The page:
Case Studies

A good example I have is the book "Best Kept Secrets of Peer Code Review" was written by Jason Cohen (founder of Smart Bear IIRC) contains case studies in order to make the case for code reviews. Sure, the book was basically written by the vendor, but the case studies were legitimate.

Proofs of Concept

If it's a potential implementation (thinking CI, build system, TCM, or any other process or automation facilitating tool) then the best way to go about it is to get a trial and set it up. After performing some initial investigation (ie, using it on fake projects) it might be a good idea to try it out in a small project, or possibly in tandem with the existing solution.

For processes, it's similar. This is basically the way that a lot of developers introduce unit testing. They maintain their own tests for a while, and when the critical "BAM! Regression Caught!" scenario hits, they perform the reveal and show how it saved the project. A little dramatic, yes, but it makes sense. People need to see the benefit with their own eyes.

Things That Exist but are Broken/Inefficient

This will almost always be a comparative analysis. If you approach it that way, then you should be able to get numbers to work with.

Sales info from the vendor doesn't always work well here, unless it's a product that directly and obviously competes with the currently implemented solution - in that case, you can usually get the vendor to help you out here. (I'm thinking SourceGear Vault vs. SourceSafe as an example)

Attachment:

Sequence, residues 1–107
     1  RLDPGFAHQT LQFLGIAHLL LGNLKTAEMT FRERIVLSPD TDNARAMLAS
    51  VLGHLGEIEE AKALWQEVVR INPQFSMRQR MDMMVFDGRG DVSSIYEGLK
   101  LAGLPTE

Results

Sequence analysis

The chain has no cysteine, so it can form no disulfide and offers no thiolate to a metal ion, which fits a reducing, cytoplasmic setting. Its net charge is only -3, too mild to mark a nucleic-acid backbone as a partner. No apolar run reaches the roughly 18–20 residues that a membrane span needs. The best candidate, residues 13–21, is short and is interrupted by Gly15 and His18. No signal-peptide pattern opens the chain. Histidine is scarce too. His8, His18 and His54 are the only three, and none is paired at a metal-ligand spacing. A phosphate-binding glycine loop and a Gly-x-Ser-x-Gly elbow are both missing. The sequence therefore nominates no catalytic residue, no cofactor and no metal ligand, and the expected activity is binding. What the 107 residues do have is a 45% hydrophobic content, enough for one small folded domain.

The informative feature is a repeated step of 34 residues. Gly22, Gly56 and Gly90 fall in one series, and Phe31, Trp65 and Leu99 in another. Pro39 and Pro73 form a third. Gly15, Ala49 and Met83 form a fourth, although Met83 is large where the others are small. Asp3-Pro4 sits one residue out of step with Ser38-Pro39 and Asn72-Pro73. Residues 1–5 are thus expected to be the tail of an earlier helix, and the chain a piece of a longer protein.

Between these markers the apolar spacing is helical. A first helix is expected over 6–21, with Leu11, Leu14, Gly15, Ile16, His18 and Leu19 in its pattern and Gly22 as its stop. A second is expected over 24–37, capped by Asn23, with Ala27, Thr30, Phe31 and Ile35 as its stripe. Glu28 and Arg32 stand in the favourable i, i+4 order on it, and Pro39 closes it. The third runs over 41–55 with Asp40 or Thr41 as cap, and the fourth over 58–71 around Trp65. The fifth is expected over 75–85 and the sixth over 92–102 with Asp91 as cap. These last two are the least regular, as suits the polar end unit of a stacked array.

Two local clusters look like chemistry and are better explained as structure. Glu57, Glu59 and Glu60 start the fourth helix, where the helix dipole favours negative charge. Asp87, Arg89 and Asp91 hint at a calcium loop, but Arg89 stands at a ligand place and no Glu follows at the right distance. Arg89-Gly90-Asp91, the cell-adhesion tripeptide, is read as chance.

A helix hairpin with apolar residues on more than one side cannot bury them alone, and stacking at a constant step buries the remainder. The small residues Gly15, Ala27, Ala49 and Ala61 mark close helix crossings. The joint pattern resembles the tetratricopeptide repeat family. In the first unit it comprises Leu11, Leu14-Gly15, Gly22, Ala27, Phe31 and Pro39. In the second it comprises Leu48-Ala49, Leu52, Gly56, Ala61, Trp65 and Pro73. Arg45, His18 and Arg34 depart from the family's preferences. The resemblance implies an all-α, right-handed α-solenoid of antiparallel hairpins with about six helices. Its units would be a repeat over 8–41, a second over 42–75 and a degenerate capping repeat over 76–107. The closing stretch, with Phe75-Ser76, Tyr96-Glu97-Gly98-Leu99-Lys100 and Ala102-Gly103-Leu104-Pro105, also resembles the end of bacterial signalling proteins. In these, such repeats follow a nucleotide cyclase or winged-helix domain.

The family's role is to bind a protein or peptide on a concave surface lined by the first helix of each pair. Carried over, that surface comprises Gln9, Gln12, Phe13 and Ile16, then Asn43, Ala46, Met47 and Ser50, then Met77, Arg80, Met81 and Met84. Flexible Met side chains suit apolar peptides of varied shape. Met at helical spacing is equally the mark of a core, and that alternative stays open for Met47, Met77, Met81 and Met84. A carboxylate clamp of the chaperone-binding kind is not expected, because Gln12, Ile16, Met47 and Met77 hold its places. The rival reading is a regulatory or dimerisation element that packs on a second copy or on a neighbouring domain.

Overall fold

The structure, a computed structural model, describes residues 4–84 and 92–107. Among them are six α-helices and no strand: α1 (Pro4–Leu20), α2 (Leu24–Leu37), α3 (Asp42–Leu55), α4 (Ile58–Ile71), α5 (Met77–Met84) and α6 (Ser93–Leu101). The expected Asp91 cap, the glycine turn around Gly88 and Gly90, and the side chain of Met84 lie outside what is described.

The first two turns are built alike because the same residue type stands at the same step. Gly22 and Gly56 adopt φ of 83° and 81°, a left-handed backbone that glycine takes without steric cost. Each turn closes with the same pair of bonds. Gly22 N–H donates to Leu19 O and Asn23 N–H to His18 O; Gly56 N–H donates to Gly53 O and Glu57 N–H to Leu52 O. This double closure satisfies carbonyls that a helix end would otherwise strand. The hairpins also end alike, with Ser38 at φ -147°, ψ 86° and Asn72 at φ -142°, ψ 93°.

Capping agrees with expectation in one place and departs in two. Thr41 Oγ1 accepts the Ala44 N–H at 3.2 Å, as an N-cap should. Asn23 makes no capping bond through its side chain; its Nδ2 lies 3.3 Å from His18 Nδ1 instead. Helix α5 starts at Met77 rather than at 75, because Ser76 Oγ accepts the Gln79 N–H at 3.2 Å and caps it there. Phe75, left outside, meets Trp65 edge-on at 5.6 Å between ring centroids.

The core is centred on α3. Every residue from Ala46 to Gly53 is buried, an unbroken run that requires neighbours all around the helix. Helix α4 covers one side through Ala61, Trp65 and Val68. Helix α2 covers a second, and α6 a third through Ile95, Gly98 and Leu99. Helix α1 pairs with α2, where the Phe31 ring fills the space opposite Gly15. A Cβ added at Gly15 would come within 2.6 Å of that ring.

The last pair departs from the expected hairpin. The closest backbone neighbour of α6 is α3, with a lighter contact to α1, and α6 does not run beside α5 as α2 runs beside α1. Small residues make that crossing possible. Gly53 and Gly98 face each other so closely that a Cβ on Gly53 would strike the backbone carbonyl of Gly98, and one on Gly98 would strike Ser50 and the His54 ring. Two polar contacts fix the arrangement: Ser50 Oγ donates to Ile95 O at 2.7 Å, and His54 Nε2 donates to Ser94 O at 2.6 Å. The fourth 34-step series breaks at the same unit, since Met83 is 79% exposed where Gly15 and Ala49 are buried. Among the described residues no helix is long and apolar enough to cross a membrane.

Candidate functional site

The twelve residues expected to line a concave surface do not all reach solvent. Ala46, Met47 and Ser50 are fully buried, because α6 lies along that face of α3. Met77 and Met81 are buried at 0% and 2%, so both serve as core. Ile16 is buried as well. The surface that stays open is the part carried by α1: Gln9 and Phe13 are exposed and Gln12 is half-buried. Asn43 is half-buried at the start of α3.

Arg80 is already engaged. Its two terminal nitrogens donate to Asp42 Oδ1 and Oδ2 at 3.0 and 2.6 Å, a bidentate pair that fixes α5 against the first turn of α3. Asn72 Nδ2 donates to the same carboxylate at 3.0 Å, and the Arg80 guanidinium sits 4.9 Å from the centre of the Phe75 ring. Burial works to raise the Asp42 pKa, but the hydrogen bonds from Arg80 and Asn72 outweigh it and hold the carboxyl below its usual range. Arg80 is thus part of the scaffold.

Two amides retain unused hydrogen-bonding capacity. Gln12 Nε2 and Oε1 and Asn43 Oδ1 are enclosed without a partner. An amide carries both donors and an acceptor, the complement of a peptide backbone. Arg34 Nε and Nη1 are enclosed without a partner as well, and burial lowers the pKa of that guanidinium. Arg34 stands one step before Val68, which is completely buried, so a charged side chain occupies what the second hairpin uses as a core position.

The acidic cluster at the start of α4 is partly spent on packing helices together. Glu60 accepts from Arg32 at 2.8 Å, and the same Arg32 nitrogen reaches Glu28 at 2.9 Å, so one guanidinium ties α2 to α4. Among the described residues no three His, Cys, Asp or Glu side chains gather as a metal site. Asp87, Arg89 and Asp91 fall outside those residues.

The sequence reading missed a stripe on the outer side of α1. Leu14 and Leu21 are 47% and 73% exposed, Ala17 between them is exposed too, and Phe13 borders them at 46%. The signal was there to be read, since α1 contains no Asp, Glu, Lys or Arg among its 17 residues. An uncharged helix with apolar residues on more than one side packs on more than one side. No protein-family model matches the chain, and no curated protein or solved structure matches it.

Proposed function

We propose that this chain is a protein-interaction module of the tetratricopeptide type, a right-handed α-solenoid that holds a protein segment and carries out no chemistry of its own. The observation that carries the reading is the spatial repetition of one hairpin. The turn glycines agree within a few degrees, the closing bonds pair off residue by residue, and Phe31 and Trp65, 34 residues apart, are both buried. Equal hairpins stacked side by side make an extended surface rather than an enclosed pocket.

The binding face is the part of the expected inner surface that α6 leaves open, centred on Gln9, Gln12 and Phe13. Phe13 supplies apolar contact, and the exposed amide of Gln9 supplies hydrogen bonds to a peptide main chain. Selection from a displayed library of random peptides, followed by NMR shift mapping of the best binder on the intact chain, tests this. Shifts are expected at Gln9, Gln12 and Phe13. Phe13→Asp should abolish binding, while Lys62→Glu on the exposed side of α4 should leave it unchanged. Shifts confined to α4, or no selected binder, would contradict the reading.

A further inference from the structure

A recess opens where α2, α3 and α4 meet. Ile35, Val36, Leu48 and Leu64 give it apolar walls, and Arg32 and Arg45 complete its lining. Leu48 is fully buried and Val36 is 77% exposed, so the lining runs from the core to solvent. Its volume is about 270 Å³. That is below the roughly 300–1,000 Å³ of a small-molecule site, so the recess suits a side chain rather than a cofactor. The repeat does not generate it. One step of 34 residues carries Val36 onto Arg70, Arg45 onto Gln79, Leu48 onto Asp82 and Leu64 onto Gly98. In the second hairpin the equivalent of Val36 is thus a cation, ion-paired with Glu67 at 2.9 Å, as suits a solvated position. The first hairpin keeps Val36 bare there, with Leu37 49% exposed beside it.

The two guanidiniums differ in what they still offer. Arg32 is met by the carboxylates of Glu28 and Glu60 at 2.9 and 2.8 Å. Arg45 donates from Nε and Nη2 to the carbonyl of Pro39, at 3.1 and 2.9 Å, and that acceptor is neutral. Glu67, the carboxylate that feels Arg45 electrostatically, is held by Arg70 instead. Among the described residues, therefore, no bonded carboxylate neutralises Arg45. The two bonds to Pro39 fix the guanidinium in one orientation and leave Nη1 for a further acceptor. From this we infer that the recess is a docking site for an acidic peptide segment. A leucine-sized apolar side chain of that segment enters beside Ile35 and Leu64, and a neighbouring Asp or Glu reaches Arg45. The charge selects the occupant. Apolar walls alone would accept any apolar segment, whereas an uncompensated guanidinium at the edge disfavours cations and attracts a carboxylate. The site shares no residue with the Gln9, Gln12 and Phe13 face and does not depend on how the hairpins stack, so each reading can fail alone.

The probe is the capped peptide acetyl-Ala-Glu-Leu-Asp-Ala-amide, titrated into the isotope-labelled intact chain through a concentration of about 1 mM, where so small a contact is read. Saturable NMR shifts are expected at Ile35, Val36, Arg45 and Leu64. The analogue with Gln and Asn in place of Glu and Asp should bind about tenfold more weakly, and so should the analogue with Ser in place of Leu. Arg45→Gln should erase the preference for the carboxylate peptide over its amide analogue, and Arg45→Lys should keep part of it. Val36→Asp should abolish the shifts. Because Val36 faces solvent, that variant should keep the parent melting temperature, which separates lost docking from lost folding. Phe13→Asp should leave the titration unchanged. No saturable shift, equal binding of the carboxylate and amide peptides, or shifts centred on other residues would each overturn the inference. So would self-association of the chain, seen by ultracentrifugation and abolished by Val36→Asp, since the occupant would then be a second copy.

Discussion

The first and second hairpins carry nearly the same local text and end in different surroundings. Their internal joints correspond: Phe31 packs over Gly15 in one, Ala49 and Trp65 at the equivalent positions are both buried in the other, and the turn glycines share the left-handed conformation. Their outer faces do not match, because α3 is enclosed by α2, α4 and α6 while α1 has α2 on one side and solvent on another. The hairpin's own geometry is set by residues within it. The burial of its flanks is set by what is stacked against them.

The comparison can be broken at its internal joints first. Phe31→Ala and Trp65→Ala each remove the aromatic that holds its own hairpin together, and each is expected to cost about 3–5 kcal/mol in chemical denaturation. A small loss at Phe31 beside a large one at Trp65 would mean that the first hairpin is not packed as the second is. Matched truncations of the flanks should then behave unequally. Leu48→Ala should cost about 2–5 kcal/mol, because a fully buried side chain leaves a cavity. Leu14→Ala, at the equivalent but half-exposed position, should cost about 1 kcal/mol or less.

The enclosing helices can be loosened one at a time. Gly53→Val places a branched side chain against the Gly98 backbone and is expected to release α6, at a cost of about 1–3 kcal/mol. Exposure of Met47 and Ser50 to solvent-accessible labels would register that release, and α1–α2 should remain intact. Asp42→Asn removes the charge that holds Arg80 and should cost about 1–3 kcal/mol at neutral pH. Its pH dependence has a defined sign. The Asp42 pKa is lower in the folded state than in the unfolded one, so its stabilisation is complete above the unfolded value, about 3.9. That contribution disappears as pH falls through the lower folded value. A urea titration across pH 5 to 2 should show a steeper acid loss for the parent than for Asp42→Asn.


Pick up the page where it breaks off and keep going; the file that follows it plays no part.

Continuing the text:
I've found that case studies rarely exist that compare tools/practices but do exist for processes (think Agile vs. Waterfall studies).

In my experience, proofs of concept are often the most successful ways of converting management/developers from one tool or practice to another. They have to see it working, and more importantly, see it working better than what already exists. Then you hit them with the numbers. "This system, which is only a POC, is still x times faster than our previous one. That translates to y reduced man-hours of work and z reduced overhead" Remember that POCs can sometimes be done on small projects to test out a process, usually after sufficient evidence of potential gains has been given.

Things That We Have No Idea About

Here's where your polls and questionnaires come into play... but these will lead you to the categories outlined above.


I assume you mean environment downtimes and lost productivity when development and test environments go down or need developer time to debug environment issues.

Make a simple tracking tool that is so easy to use that developers don't have to think about it. Whenever an environment issue is being debugged by a developer, or they simply cannot work because of it, I had created a stopwatch like tool with something simple like AutoHotKeys (a tool that allows you to quickly and easily map key combinations to a script) that started a timer. When the downtime was complete, hit the key combo again and AutoHotKeys send a simple GET request to a PHP page that I had set up on the webserver. It just tallied up totals in milliseconds and stored them in a file.